Children from families with incomes at or below 130 percent of the poverty level are eligible for free meals. Those between 130 percent and 185 percent of the poverty level are eligible for reduced-price meals, for which students can be charged no more than 40 cents for lunch and 30 cents for breakfast. All other students pay the full price for meals.

See the Virginia Department of Education website for more information about school nutrition programs.

Free and Reduced Meal Eligibility
  2014-20152015-20162016-2017
  PercentagePercentagePercentage
All Students 75.283.9188.39
LEGEND < = A group below state definition for personally identifiable results
- = No data for group
* = Data not yet available
Unduplicated = Students are able to be in two gap groups

Free and Reduced Breakfast Participation of Eligible Students

Free and Reduced Breakfast Participation of Eligible Students :

The above pie graph displays the average daily percentage of students eligible for free or reduced-price meals who participated in the U.S. Department of Agriculture School Breakfast Program. The School Breakfast Program is a federally assisted meal program that provides nutritious breakfast meals to students. The Virginia Department of Education administers the program at the state level and school divisions administer the program at the local level.

Participation in the School Breakfast Program has been linked increased achievement, reduced absenteeism and tardiness, fewer disciplinary problems, and better student health.

Breakfast menus must provide one-fourth of the daily recommended levels for protein, calcium, iron, Vitamin A, Vitamin C and calories. Participating schools must serve breakfasts that meet Federal nutrition standards – one quarter of daily recommended levels of protein, calcium, iron, vitamins A and C and calories – and must provide free and reduced-price breakfasts to eligible children.

The No Kid Hungry Virginia campaign and the Virginia 365 Project are key state initiatives to increase participation in school nutrition programs and eliminate childhood hunger.

 

Free and Reduced Breakfast Participation
  2014-20152015-20162016-2017
  PercentagePercentagePercentage
All Students 52.7254.2455.16
LEGEND < = A group below state definition for personally identifiable results
- = No data for group
* = Data not yet available
Unduplicated = Students are able to be in two gap groups

Free and Reduced Lunch Participation of Eligible Students

Free and Reduced Lunch Participation of Eligible Students:

The above pie graph displays the average daily percentage of students eligible for free or reduced-price meals who participated in the U.S. Department of Agriculture School Lunch Program.

School divisions that take part in the National School Lunch Program get cash subsidies and donated food items from the U.S. Department of Agriculture for each meal served. In return, schools must serve lunches that meet federal requirements, and must offer free or reduced-price lunches to eligible children.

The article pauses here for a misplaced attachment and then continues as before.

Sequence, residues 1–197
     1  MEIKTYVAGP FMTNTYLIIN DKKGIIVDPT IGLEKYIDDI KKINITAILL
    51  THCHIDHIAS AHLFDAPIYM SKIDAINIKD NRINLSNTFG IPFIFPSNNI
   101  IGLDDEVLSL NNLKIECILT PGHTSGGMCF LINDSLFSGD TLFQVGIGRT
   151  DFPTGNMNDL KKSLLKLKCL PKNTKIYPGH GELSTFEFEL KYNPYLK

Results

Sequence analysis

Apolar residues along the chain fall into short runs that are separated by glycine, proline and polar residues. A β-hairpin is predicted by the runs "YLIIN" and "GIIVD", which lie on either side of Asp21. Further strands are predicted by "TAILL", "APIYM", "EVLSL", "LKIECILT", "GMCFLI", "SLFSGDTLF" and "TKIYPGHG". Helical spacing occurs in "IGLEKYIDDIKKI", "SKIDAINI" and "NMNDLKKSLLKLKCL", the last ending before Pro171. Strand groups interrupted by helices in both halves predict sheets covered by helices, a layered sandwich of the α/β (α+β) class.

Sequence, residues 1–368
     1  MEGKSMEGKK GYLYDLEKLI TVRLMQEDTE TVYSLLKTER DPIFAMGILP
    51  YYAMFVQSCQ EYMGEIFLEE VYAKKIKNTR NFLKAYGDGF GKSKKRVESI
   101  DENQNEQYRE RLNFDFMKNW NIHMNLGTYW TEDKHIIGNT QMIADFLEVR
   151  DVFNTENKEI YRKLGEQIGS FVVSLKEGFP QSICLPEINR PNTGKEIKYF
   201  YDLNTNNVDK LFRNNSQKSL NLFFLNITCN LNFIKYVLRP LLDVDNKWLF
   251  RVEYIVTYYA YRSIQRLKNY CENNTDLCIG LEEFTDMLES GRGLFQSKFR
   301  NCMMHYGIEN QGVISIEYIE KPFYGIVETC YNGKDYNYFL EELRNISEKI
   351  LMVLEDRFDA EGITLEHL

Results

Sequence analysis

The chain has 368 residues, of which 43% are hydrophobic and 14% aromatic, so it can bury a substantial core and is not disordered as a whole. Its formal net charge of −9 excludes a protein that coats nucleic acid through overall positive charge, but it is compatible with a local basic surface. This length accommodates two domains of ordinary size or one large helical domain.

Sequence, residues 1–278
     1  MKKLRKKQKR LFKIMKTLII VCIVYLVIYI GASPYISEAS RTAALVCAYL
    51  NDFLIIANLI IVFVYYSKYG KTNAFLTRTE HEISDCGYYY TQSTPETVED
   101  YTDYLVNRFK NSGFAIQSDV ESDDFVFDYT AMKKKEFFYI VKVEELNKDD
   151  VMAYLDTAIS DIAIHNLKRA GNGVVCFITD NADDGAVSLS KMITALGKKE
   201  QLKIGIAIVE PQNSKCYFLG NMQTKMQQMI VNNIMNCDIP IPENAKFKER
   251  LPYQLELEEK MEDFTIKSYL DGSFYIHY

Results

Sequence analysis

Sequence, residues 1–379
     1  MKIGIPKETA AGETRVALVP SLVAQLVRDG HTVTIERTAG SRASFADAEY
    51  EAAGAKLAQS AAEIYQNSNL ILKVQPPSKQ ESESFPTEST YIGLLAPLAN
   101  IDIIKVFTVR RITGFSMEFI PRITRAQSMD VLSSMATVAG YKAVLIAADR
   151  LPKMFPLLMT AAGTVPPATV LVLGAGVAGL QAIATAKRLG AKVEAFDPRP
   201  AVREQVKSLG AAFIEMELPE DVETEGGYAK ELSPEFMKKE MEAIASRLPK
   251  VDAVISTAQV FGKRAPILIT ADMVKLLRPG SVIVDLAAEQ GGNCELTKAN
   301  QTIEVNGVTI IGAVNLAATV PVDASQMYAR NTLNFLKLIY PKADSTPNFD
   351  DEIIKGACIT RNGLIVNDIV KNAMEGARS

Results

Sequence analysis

Studies show that well-nourished students are better learners. The No Kid Hungry Virginia campaign and the Virginia 365 Project are key state initiatives to increase participation in school nutrition programs and eliminate childhood hunger.

 

Free and Reduced Lunch Participation
  2014-20152015-20162016-2017
  PercentagePercentagePercentage
All Students 80.2479.7778.94
LEGEND < = A group below state definition for personally identifiable results
- = No data for group
* = Data not yet available
Unduplicated = Students are able to be in two gap groups

Teacher Quality

Student-Teacher Ratio

2016-2017 Grades K-7 Student Teacher Ratio: 10.85 : 1

student ratio iconstudent ratio iconstudent ratio iconstudent ratio iconstudent ratio iconstudent ratio iconstudent ratio iconstudent ratio iconstudent ratio iconstudent ratio iconstudent ratio icon

2016-2017 Grades 8-12 Student Teacher Ratio: 11.06 : 1

student ratio iconstudent ratio iconstudent ratio iconstudent ratio iconstudent ratio iconstudent ratio iconstudent ratio iconstudent ratio iconstudent ratio iconstudent ratio iconstudent ratio iconstudent ratio icon

Provisionally Licensed Teachers

Provisionally Licensed Teachers
  2016-20172017-2018
Provisional4%9%
Provisional Special Education2%1%
LEGEND < = A group below state definition for personally identifiable results
- = No data for group
* = Data not yet available

This table reports the percentage of teachers teaching with provisional or provisional special education credentials.

This table provides data on the percentage of classes not taught by teachers meeting the federal definition of highly qualified.

Federal education law defines a highly qualified teacher as a teacher who is fully licensed by the state, has at least a bachelor’s degree, has demonstrated competency in each subject taught, and is teaching in his or her area of endorsement.

Virginia’s licensure regulations – which emphasize content knowledge as well as pedagogy – require new teachers to far exceed the federal highly qualified standard.

Teacher Educational Attainment

Teacher Educational Attainment: 2017-2018

The Virginia Department of Education reports annually on the percentage of teachers with bachelor’s, master’s, or doctorate degrees in schools, school divisions, and the state by highest degree earned.

Teacher Educational Attainment
  Bachelor's Degree Master's Degree Doctoral Degree Other
2015-201653%43%1%3%
2016-201752%45%1%2%
2017-201855%41%1%3%
LEGEND < = A group below state definition for personally identifiable results
- = No data for group
* = Data not yet available